If you regularly read my column, you’ll have probably realised that I’m obsessed with community. As an industry made up of freelancers who quite often are surrounded by family and friends that don’t really understand what they do for a living, it can be pretty isolating. This is why I’m a huge fan of getting involved with the pro audio community – sharing ideas, meeting up for beers and just generally making friends.
When Romesh Dodangoda created a group on Facebook full of genuinely lovely audio engineers and producers, I was totally on board. And there’s no gear bragging and putting other people down like certain other online communities for audio peeps…
Romesh’s Control Room community has been growing rapidly since the beginning of the year, and it’s easy to see why. Regular question and answer sessions with people at the top of their game, mix competitions with incredible prizes, and discount codes for most brands you can think of, plus the fact that the community here is absolutely rock-solid with actual genuine advice and support, makes it pretty much a pro audio worker’s dream. So, obviously I had to chat to Romesh for some more info…
Hey Romesh! Your Control Room community has grown so rapidly since you started the group. What made you start it in the first place?
I was getting lots of questions about production and mixing over various social networks and I thought there must be a better way to get people that are interested together into one place where I could help a lot of people at once. I would always get questions like “how did you get this guitar sound?” or “what was the processing on the vocal on this track?” And I thought it would be great to actually create something where everyone who was interested could get this information together.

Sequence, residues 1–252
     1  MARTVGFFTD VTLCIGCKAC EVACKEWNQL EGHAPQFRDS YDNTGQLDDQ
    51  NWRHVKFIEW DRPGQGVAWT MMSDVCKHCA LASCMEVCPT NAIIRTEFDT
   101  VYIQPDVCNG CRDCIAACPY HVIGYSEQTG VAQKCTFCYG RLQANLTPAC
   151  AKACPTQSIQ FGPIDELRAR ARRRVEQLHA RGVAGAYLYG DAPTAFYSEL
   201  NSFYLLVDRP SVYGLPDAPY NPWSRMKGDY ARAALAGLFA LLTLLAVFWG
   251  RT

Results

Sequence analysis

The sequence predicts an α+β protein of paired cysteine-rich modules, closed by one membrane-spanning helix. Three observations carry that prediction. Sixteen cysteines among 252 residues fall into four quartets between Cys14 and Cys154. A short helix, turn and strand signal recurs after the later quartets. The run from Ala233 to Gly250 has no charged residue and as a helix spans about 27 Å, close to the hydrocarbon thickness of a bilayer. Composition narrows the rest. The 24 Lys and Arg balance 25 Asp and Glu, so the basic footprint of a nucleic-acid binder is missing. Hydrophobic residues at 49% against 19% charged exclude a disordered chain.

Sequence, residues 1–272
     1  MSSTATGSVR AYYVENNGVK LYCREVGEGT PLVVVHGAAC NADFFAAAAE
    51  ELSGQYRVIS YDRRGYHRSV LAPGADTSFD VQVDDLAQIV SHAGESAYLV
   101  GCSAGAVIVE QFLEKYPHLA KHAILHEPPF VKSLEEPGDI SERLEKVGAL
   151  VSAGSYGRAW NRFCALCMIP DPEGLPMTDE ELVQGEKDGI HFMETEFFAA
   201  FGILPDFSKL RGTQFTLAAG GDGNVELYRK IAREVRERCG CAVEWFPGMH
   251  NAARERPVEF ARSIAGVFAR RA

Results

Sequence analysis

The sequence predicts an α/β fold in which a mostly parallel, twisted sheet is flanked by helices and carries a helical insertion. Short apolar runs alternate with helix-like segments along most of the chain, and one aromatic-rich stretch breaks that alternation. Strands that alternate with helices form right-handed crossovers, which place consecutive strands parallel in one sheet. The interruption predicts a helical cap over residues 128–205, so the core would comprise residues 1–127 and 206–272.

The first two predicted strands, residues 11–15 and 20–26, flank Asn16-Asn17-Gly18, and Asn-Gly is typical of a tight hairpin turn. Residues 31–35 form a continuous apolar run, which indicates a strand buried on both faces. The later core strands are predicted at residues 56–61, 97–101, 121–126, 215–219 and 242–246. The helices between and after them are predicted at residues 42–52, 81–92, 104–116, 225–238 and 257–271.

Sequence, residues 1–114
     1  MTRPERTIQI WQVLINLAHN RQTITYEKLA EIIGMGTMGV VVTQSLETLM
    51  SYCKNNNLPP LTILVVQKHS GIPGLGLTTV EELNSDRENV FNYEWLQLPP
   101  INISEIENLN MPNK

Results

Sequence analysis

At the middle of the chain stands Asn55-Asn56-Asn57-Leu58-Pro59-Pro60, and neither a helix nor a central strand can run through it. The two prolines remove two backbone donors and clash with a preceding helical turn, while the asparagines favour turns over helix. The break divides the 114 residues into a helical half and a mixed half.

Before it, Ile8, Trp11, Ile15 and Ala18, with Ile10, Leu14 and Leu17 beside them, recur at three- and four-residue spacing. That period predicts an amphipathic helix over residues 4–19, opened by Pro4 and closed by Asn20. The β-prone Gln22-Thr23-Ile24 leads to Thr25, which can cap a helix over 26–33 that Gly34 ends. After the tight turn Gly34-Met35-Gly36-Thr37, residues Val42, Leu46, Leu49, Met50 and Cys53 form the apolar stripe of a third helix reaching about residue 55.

Was starting this group something you’d been planning for a while or was it more spur of the moment?
It is something I had thought about doing for years but I was never sure how it would take off. I’m so overwhelmed at the response and it’s been amazing to have so many pros in there, so it’s no longer just about me. I’m really glad we’ve turned it into a platform where there are so many top producers and mixers discussing their ways of working.
One of my favourite things about Control Room is the Q&A sessions with the pros and the amount of support and advice you get from other members. Audio forums are usually not this positive – how did you manage to create such a great vibe?
I think it’s because of the way everyone is spoken to. One thing I really can’t stand in a lot of forums is the way some people talk down to people with less experience. It really doesn’t create an encouraging environment. Even the pros in Control Room talk to people wanting to learn in a respectful way and that really makes the vibe so amazing.
I think it’s incredible that you do regular mix competitions, allowing members to download stems that you’ve personally recorded. The last mix competition you ran was with Lower Than Atlantis, with Mike Duce as the judge. How do you even go about making that happen?